After the A-Bomb
RISD’s Center for Complexity launches Horizon 2045, a 25-year project aimed at eliminating the threat of nuclear war.
Workshop participants create visualization tools—or “strategic artifacts”—to draw attention to the outdated system keeping nuclear arms in check worldwide. photo by Trevor Holden
Back in the days before COVID-19, global warming, biological terrorism and the many other perils of modern life, the human race faced one all-consuming threat: nuclear war. During the Cold War—which defined world politics from the late 1940s until 1991—the US and the Soviet Union were the only nations on earth with access to nuclear arms, and the system that kept them in check was known as deterrence theory.
“It was invented by game theorists, who basically figured out that the best way to prevent nuclear war was to enable our nuclear weapons (but not necessarily our population) to survive an attack and have enough weapons remaining to assure that destruction was mutual,” says Justin Cook, director of RISD’s Center for Complexity. “The infrastructure required to maintain readiness of this system of destruction while preserving the conditions that prevent its use is hazardous, monumental, fragile and aging.”
Cook and his team are partnering with NTI (Nuclear Threat Initiative) and N Square—two nonprofits dedicated to reducing the risk of nuclear war—on Horizon 2045, a 25-year project aiming to build new models of security for the 21st century. The consortium has already secured $1.2 million in funding (divided among its three constituents) from the MacArthur and Skoll foundations to get the project up and running.
“By 2045, humanity will have spent a century in the shadow of a civilization-ending nuclear event,” Cook explains. “Today there are nine nations with access to nuclear weapons, which is an important piece of this puzzle. We’re working to create a body of evidence that will highlight current political dynamics and unseat deterrence theory as the dominant ideology.”
The idea, Cook explains, is to bring the issue back into public consciousness via a systems map that details the key players, behaviors and power structures enabling the antiquated system to survive. It also allows the people directly affected by nuclear arms to weigh in. “In Utah, for example, there’s a group of people known as downwinders because they’re downwind from the nuclear test sites in Nevada and have high rates of intergenerational cancer because of soil contamination,” Cook says.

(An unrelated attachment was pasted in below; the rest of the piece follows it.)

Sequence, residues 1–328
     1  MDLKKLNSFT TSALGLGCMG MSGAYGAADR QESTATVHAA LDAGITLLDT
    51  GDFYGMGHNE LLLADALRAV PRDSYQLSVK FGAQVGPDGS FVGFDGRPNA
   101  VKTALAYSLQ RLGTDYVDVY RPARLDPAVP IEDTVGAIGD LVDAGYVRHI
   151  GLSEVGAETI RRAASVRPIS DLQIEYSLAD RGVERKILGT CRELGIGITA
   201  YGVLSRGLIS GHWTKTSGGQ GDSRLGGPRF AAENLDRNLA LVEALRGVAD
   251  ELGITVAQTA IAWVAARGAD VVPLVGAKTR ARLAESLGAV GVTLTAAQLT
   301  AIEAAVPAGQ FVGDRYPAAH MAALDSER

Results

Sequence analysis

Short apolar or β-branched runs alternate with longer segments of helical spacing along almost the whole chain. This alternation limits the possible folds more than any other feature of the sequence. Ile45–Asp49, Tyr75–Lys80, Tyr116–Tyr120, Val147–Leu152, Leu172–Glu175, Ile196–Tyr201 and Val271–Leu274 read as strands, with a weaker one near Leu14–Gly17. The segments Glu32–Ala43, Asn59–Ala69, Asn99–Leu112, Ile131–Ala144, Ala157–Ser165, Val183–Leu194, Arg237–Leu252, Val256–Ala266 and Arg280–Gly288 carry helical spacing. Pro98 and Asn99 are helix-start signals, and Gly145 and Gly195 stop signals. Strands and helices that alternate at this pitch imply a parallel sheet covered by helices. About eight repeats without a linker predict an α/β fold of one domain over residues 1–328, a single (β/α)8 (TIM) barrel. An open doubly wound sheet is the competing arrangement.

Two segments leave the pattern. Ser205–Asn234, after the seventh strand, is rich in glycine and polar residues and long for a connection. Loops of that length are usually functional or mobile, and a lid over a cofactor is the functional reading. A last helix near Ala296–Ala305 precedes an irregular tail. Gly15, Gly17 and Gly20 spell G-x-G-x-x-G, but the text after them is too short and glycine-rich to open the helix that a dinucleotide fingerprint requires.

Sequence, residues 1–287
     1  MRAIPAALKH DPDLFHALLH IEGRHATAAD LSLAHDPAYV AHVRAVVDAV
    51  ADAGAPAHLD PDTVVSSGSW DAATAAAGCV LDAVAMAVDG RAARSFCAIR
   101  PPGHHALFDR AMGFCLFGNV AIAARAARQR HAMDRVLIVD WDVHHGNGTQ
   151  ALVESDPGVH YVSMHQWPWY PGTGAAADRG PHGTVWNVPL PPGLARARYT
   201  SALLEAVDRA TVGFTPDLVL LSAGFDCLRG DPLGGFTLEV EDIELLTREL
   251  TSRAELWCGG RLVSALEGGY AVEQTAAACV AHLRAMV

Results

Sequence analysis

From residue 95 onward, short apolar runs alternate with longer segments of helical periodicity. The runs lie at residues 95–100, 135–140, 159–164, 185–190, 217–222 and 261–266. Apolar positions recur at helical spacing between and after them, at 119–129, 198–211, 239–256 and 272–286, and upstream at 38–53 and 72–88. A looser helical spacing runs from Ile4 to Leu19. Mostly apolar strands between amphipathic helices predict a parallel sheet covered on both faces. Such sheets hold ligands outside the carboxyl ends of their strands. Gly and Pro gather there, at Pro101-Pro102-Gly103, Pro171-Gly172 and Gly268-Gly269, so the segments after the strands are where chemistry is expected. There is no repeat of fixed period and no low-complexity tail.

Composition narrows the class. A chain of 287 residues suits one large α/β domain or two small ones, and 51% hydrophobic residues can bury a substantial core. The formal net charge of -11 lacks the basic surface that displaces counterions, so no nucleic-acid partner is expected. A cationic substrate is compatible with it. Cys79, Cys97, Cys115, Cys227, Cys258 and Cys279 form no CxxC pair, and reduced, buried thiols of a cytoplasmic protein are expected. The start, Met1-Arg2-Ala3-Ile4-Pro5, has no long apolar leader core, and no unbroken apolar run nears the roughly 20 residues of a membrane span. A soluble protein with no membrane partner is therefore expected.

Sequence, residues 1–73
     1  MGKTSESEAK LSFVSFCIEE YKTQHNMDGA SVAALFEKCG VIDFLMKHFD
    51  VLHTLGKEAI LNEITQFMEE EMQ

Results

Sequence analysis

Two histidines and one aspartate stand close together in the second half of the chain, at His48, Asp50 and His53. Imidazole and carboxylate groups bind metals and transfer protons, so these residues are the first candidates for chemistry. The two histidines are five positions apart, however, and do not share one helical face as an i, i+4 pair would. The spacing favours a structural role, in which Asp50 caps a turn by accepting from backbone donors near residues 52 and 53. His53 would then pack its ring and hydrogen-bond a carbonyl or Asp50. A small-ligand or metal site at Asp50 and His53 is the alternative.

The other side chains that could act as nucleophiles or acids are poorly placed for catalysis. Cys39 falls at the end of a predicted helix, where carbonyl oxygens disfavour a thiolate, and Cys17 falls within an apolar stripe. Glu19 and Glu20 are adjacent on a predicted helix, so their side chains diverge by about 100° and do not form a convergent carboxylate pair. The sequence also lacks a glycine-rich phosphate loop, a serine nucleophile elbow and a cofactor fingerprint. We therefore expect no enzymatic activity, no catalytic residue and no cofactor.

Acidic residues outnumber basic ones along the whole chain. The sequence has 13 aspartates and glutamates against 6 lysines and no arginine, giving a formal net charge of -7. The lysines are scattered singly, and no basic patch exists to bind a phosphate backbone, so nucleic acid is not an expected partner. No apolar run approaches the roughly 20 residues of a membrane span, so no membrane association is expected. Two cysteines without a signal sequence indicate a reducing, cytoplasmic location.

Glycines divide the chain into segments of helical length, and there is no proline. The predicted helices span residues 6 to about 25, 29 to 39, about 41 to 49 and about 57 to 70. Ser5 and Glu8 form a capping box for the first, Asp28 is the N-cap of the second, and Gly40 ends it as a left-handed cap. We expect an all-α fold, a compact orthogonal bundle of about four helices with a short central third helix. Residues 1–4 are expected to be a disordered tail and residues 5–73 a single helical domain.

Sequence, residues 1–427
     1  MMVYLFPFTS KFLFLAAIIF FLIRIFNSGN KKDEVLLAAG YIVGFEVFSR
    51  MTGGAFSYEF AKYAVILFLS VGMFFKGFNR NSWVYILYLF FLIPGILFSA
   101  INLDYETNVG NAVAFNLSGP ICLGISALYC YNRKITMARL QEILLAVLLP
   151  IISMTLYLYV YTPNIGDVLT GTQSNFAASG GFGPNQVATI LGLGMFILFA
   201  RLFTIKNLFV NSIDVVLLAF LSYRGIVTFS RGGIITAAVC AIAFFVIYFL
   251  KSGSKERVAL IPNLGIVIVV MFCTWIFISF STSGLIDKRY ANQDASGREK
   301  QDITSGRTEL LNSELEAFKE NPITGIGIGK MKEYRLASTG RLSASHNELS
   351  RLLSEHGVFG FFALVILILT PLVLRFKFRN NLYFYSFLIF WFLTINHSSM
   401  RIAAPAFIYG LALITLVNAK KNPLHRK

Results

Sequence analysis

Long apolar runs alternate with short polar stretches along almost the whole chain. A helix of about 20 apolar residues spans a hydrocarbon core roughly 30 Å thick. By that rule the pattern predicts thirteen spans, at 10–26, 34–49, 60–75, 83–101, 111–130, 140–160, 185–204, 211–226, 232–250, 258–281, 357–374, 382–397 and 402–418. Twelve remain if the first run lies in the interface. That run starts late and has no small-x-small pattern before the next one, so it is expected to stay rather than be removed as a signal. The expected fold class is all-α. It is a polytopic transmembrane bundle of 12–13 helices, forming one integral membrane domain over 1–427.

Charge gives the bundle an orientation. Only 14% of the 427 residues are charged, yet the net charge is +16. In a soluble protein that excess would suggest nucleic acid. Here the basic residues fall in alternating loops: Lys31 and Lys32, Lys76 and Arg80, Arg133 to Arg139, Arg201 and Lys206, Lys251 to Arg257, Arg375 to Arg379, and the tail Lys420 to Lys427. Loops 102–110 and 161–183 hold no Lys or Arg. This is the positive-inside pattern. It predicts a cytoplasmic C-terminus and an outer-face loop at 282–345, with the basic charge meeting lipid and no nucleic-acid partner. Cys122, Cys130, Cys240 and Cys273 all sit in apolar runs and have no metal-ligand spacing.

The project builds on work with N Square dating back to 2016 headed up by Associate Professor of Industrial Design Tom Weis MID 08. “Design can contribute to new thinking around foreign policy and global security, but designers can’t do it alone,” says Weis. “These collaborations… bring together experts from varied fields eager to collaborate with designers to explore new approaches to very complex problems.”
Weis helped to organize an N Square workshop at RISD in 2018 that brought new creative voices into the conversation about nuclear weapons. The Center for Complexity’s Tim Maly participated in the event, which ultimately inspired a 40-foot inflatable mushroom cloud by artist Pedro Reyes and the Bulletin of the Atomic Scientists team. Such visualization tools—or “strategic artifacts,” as Maly calls them—provide easy points of access for people who might not otherwise get involved.
The backing for Horizon 2045 would not have been possible without the support of RISD’s newly fortified Office of Research & Strategic Partnerships. “It’s critical for artists and designers to work in this space,” says Associate Director of Strategic Partnerships Rebecca Nolan. “Justin’s team is essentially creating a new model for conducting collaborative research at RISD—one that supports post-graduates, who will participate as paid fellows when phase two of the project gets underway in 2021.”
The ultimate goal, says Cook, is to catalyze collective action and compel political leaders to make a different decision about nuclear warfare than the fear-driven one their predecessors made in 1945 in response to World War II. “It’s time to tell a different story,” says Cook. “We're building new knowledge that can make a new reality possible.”
Graduate students just starting out in Industrial Design work to invigorate the dialogue around nuclear disarmament.
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